Chicken Licken's decision to sue a fast food competitor
called Big Jo's is interesting. The complaint was that Big
Jo's was using Hot Wings as the name of one of its menu items,
a term that Chicken Licken has used for many years, and one
that it has also registered as a trade mark. The KZN High
Court issued an interim interdict (injunction) requiring Big
Jo's to stop using the term.
You may be surprised to hear that the name of a menu item can be a
trade mark. Yet you only need to think of a menu item name like Big
Mac to realise that if it were to be used by another fast food
company people might wonder whether there was some connection with
McDonalds. A menu item name is, therefore, sometimes a
sub-brand of the restaurant or the fast food chain that uses it.
Hot Wings may not be the most distinctive name when it comes to
chicken wings, but a descriptive or otherwise weak name can
sometimes be protected through trade mark registration, or through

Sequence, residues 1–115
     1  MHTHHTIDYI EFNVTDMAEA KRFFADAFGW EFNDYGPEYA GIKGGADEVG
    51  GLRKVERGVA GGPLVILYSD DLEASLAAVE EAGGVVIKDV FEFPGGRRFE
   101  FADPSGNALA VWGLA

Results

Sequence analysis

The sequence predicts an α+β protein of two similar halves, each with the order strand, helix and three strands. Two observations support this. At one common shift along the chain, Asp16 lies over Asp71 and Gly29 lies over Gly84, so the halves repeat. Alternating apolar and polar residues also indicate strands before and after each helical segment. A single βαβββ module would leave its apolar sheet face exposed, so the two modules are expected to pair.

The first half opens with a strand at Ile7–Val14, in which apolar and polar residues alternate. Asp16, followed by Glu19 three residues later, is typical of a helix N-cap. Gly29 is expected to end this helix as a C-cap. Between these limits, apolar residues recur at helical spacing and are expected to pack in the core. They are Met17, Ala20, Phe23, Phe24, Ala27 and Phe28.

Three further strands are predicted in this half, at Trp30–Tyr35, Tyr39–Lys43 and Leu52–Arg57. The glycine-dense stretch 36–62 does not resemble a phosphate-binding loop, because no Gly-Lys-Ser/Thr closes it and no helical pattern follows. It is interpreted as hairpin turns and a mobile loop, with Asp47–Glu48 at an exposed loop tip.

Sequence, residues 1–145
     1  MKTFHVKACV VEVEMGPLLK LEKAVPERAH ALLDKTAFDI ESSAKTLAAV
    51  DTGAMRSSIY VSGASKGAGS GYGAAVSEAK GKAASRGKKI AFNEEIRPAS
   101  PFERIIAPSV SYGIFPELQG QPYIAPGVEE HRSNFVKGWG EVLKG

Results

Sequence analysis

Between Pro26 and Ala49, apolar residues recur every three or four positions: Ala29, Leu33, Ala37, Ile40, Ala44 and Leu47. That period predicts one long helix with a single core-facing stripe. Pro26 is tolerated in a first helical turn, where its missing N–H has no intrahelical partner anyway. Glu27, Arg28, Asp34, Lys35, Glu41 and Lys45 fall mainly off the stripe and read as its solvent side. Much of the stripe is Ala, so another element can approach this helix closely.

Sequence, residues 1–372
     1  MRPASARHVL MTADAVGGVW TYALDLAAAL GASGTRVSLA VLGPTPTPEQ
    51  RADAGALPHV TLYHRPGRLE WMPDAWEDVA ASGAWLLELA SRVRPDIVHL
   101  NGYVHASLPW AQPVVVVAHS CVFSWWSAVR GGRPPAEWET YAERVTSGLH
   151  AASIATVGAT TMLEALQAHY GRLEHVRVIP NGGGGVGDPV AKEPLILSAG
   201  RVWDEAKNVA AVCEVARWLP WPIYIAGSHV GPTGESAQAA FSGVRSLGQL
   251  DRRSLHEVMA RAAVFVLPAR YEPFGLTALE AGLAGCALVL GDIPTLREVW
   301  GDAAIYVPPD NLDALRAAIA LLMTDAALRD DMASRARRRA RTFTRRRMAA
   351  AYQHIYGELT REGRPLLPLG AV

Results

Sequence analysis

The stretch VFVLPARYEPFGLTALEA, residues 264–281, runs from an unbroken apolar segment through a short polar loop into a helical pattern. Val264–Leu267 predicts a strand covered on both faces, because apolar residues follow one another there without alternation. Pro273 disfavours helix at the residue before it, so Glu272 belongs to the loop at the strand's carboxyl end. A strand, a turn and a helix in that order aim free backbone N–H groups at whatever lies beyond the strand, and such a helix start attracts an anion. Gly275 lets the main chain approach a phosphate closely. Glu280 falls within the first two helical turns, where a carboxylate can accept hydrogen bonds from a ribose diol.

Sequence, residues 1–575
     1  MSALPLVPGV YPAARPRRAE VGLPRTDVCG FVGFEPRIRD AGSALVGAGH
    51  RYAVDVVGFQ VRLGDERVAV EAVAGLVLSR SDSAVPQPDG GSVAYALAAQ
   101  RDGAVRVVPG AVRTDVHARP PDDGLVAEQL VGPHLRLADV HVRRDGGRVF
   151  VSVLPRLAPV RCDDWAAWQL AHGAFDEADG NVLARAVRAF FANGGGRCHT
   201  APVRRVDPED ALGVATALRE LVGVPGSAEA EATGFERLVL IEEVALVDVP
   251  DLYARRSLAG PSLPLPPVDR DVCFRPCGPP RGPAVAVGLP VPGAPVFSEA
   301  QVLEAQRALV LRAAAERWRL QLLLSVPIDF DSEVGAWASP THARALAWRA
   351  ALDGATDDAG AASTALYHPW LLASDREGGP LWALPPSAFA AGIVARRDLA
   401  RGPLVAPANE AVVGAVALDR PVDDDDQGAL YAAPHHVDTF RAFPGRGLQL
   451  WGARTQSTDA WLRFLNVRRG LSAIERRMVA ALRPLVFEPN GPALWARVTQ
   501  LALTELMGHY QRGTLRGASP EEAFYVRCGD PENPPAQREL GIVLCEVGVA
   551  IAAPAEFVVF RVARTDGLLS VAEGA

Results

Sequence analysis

the common law action of passing off, if it has been used
extensively, and if it has become associated with the business.
The fact that the name Hot Wings is somewhat descriptive may,
however, result in Big Jo's arguing that it's simply making
descriptive or non-trade mark use of the term, and that there's
therefore no infringement.
Another interesting feature of the case is that, prior to Chicken
Licken instituting legal proceedings, Big Jo's offered to
change the name of its menu item from Hot Wings to Shisa Wings.
Chicken Licken refused this offer for the simple reason that
'shisa' is the Zulu word for 'hot,' and Big
Jo's is big in the province of KZN. In a multilingual country
like ours, a trade mark may be infringed if a translation is used,
and there was a famous case where a court held that the magazine
trade mark Getaway had been infringed by a competitor that used the
Afrikaans translation Wegbreek.
An interesting case all round!
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It has always been the practice of the Industrial Property Institute of Mozambique to prohibit the refiling of trade marks that have been finally refused, which has posed a serious obstacle to trade mark applicants...
A recent Australian decision on keyword usage of a registered trade mark is in line with decisions in many other countries, including South Africa.
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